BSP likely to keep key rates at record lows up to ’22
The Bangko Sentral ng Pilipinas (BSP) is expected to keep its key interest rates at record-low levels through 2022 especially as the more contagious Delta variant of the coronavirus looms as a key risk to economic recovery.
This is according to New York-based think tank Global Source, which sees the BSP continuing to favor economic growth in the monetary policy equation, notwithstanding escalating jitters on a possible tapering of stimulus by the US Federal Reserve (Fed). This means keeping its interest rates steady at current levels.
“This reading is also shaped by our view of weakly recovering domestic demand that is even now threatened by the rapid spread of the delta variant in neighboring economies. Also, the pace of local vaccination so far as well as uncertainties regarding the efficacy of the deployed vaccines against the mutating virus leave us wondering whether any upward price pressures can be sustained by the slack in goods and labor markets,” Global Source said in a July 14 report authored by Filipino economist Romeo Bernardo.
Recently, the Philippines reported its first death from the dreaded Delta variant, soon after detecting the first local transmission. This variant is a cause for concern as it infects human cells more easily.
Independence from the Fed
Meanwhile, BSP Governor Benjamin Diokno himself had indicated that a prospective Fed interest rate hike in 2023 would be “less of a threat to the Philippine economy compared to other developing and emerging economies,” citing the economy’s “sound fundamentals.” He had also gave an assurance that the BSP would withdraw monetary support only when signs of solid economic recovery had become clearer alongside a manageable inflation environment and a sustained downtrend in COVID-19 transmission.
Diokno’s boldness in asserting the BSP’s independence from the Fed follows local disinflation in recent months, Bernardo noted.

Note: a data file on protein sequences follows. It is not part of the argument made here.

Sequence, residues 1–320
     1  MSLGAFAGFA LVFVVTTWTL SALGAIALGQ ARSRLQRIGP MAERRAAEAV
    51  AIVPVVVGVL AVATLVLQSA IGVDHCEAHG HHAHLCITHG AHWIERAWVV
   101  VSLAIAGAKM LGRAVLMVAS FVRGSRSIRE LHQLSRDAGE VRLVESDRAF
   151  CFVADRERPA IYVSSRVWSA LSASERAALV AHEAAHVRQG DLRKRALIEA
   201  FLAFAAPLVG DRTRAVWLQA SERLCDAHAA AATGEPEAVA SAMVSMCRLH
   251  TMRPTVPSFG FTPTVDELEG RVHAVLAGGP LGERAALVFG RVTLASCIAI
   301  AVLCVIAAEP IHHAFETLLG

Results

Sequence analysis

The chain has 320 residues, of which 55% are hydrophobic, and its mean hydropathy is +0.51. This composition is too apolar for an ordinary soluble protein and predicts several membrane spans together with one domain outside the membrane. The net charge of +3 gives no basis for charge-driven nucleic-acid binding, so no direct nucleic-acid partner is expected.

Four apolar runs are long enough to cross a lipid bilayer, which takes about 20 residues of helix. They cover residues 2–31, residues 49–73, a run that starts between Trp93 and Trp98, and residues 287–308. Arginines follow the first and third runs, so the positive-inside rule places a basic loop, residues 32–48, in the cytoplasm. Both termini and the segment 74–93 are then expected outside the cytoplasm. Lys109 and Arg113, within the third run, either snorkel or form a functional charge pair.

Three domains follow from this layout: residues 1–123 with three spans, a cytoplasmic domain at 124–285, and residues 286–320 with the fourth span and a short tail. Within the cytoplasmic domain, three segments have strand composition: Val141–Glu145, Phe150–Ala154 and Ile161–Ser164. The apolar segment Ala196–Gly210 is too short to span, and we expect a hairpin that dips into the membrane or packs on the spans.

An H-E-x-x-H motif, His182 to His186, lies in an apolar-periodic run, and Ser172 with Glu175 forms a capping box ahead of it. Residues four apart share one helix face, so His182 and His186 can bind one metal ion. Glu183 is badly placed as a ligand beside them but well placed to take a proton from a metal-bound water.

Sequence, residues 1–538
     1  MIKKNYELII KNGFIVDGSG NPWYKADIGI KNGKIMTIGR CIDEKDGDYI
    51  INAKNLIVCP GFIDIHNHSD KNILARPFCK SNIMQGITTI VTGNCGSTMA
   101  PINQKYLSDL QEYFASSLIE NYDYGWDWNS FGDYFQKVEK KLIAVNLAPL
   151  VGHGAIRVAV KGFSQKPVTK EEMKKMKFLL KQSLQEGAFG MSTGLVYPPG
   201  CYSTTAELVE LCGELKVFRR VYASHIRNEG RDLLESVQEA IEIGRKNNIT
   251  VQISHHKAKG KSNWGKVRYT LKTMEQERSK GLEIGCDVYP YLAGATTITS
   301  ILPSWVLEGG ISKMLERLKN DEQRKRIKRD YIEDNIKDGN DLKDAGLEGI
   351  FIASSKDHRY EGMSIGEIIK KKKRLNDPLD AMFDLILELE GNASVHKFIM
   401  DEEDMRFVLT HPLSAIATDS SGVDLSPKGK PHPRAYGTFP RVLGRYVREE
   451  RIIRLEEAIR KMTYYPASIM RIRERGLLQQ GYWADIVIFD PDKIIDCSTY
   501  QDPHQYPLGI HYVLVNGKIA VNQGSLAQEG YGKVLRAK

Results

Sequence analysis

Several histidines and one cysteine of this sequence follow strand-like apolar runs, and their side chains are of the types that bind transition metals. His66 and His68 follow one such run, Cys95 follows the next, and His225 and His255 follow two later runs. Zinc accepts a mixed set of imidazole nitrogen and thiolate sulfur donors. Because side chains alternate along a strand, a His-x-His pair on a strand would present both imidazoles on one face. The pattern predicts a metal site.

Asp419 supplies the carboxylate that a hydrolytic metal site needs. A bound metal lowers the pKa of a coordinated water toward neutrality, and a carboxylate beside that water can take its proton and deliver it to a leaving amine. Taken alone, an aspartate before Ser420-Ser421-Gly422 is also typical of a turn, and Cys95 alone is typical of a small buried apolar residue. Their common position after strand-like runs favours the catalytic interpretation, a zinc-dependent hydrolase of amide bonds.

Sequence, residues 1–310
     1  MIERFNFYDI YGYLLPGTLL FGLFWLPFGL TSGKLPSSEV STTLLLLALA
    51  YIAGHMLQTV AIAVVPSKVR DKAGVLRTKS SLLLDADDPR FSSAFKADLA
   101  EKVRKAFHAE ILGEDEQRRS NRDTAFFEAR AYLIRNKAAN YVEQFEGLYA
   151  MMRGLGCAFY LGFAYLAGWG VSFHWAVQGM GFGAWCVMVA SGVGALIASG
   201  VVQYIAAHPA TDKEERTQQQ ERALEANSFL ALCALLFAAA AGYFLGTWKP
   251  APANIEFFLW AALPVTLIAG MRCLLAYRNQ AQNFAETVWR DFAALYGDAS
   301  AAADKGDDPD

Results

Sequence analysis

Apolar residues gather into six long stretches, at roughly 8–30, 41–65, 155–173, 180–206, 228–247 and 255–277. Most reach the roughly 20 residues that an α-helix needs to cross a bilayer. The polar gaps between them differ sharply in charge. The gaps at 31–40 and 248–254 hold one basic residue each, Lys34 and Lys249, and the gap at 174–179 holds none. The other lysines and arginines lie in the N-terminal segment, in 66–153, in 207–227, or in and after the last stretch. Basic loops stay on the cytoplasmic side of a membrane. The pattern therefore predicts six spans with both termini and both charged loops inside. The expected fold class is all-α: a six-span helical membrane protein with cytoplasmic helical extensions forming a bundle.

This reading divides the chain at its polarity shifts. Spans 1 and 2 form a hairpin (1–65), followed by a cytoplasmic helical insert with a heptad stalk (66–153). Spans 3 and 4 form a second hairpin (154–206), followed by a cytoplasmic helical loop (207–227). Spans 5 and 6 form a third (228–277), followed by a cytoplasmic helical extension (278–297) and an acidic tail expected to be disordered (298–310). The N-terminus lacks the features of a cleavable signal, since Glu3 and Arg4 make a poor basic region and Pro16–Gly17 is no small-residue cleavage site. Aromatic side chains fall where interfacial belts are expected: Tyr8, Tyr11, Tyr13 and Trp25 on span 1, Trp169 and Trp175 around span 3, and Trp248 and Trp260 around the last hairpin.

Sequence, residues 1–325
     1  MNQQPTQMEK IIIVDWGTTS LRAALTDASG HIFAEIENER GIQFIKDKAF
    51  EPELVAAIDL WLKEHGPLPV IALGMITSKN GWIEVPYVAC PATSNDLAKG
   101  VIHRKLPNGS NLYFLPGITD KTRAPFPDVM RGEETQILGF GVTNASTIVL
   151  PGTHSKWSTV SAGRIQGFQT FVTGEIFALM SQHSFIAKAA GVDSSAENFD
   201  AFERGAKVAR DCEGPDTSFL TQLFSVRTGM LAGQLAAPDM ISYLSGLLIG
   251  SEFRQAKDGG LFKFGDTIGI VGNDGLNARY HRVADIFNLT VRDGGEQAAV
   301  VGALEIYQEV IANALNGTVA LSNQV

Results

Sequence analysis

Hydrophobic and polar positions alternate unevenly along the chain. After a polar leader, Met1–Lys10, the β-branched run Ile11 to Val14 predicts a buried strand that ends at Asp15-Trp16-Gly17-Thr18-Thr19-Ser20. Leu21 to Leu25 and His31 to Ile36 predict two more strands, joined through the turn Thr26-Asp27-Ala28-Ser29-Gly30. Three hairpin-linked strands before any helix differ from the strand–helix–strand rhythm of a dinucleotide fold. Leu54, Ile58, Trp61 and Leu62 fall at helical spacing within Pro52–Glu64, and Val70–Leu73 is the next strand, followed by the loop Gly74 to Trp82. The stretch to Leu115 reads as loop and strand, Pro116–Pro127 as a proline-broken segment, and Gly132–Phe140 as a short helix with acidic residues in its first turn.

The liberalization of pork importation has resulted in the softening of meat prices, helping to offset the sudden spike in global crude oil prices, the economist pointed out.
Despite openness to capital flows, Bernardo said any reversal in these flows at this time that would lead to a weaker peso would be a boon for economic growth, especially for sectors that generate foreign exchange like exporters, business process outsourcing (BPO), and families of Filipinos overseas.
But while Global Source expects the BSP to maintain key interest rates through 2022, it cited several factors that could induce the local monetary institution to hike policy rates, one of which would be in the event of a shaper-than-expected economic rebound.
“This may happen if the country avoids a resurgence in infections with its latest plan to focus vaccination in Metro Manila and other key urban areas that serve as entry points for new variants. In the event, the boost to consumer confidence coupled with potential aggressive election spending could result in a US-style run-up in inflation as pent-up demand is unleashed,” the economist said.
At the same time, Bernardo sees rising inflation remaining as a threat in the horizon, citing continuing chatter about a multiplicity of global supply side risks related to post-pandemic global recovery that may affect consumer prices over time.
Although monetary policy is not designed to respond to supply-side shocks, rising inflation momentum and the need to anchor inflation expectations may force a pre-emptive BSP policy rate hike, he said.
Turmoil in the financial markets is seen as another wild card.
“Risk-off global financial conditions, possibly triggered by the feared early US monetary tightening (whether by tapering its treasury purchases or raising interest rate) and/or sentiment changes about the large build-up in emerging market debts, alongside less favorable opinions from credit raters and local political risks, may cause unmanageable capital outflows and lead monetary authorities to choose to tame an overshooting peso in lieu of keeping policy independence,” Bernardo said.
Even without a policy rate hike, local market interest rates are seen to take their cue from global markets.
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